History of slavery in Alaska

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The history of slavery in Alaska is different from that of the other states that comprise the United States of America. Whereas the continental United States mostly saw enslavement of Africans brought across the Atlantic Ocean, in Alaska indigenous people, and some whites, enslaved indigenous people from other tribes.

The Haida and Tlingit tribes held slaves.[1][2] Some of these enslaved people escaped to the Ebbits who took them in. This in turn brought forth the wrath of the Haida and Tlingit, which resulted in the Ebbits losing territory to the aggrieved tribes.[3]

Slavery was abolished in all states under the Thirteenth Amendment to the United States Constitution which took effect on December 18, 1865. When Alaska was purchased by the United States in 1867, slavery became illegal in Alaska. When the Ebbits discovered this, thinking it was due to Abraham Lincoln issuing the Emancipation Proclamation, they built a totem pole in Abraham Lincoln's honor. A common addition to the story is that one group of Tlingit was escaping another, and was told by an American ship that Lincoln had stopped slavery. However, some authorities say that the totem pole was actually built by the proslavery Tlingit to shame Lincoln, not to honor him. The totem was 55 feet tall and bore the likeness of Lincoln wearing a silk hat and frock coat. The totem is currently at the Alaska State Museum in the state capital of Juneau, Alaska.[3][4][5]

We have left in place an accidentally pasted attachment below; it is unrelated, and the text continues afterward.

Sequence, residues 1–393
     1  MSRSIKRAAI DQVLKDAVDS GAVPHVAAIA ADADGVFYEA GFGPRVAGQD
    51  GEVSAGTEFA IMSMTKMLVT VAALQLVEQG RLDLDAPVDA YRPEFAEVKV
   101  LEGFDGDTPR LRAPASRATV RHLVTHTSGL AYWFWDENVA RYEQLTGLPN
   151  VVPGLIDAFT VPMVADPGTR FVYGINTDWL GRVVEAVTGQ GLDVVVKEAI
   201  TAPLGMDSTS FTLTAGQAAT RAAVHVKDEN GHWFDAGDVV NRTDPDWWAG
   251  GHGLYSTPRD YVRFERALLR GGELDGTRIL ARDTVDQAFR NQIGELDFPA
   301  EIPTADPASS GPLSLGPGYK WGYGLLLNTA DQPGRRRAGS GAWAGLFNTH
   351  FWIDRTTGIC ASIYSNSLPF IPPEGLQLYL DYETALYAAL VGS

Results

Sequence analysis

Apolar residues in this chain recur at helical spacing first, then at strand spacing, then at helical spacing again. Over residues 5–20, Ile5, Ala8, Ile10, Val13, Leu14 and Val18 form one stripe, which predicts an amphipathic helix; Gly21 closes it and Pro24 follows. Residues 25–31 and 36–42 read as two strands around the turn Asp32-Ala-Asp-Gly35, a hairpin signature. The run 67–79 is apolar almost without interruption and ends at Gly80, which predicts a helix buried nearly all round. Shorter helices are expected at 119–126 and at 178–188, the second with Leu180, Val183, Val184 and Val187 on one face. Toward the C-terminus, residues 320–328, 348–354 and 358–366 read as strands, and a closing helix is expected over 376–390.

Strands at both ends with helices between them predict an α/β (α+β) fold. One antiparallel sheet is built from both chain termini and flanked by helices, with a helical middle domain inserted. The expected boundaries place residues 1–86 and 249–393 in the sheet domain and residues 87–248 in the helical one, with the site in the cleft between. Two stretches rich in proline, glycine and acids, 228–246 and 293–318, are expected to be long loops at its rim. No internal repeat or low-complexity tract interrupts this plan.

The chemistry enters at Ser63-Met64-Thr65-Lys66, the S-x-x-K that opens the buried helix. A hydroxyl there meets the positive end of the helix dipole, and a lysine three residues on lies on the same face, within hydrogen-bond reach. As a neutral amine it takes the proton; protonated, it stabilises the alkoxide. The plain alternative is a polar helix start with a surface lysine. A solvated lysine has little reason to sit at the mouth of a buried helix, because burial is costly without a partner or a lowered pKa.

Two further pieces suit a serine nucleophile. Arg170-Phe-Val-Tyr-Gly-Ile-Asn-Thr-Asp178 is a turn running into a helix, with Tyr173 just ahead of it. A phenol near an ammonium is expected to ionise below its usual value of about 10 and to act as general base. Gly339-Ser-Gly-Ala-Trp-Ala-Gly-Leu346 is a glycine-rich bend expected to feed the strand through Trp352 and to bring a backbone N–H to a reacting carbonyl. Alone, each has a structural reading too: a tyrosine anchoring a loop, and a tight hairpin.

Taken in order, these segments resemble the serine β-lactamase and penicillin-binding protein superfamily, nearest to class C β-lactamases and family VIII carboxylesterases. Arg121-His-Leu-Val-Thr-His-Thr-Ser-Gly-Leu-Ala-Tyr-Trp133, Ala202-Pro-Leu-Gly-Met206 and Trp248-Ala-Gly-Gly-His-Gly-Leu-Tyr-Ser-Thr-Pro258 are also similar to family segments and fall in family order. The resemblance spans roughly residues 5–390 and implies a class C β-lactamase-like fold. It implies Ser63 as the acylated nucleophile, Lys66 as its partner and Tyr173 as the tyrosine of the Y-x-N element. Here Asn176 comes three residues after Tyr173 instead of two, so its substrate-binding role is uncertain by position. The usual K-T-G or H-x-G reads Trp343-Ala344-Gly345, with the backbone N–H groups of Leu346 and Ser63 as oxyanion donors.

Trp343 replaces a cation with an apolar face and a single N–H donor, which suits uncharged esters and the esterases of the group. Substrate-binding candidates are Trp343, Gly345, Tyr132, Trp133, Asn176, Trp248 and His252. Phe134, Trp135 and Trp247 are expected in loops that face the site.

In 1903 there were still documented cases of slavery in the territory. Aleutian girls could be purchased by wealthy families to do the housework, and were often not allowed to participate in child play or become educated. These girls tended to come from the Atta Islands.[6]

From 1911 until the passage of the Fur Seal Act in 1966, the inhabitants of the Pribilof Islands were governed directly by employees of the United States federal government, under conditions which the Tundra Times described in 1964 as slavery "in milder form perhaps than existed in the Deep South, but slavery nonetheless"; these conditions included being paid for their labor in food rather than in money (until 1950), being forcibly resettled, being denied suffrage, being denied freedom of assembly, and being denied freedom of movement, all on the grounds that they did not count as American citizens.[7]

In 2001, four individuals were arrested for enslaving six Russian females, two of whom were only sixteen, for the purpose of having them perform in strip clubs, under threat of violence if they did not comply.[8]

See also[edit]


  1. ^ Donald, Leland. Aboriginal Slavery on the Northwest Coast of North America. University of California Press. 1997
  2. ^ Ruby, Robert H. Indian Slavery in the Pacific Northwest. Arthur H. Clark. 1993
  3. ^ a b Tlingit Native American art
  4. ^ Indian Country: One Totem, Many Stories
  5. ^ Classical Values :: They wouldn't lie to tourists, would they?
  6. ^ Girl Slaves in Alaska; Principal of Territorial Schools Tells of Traffic. New York Times December 19, 1903
  7. ^ SLAVES of the fur seal HARVEST, from the Cascadia Times; published Winter 2005; page 18-19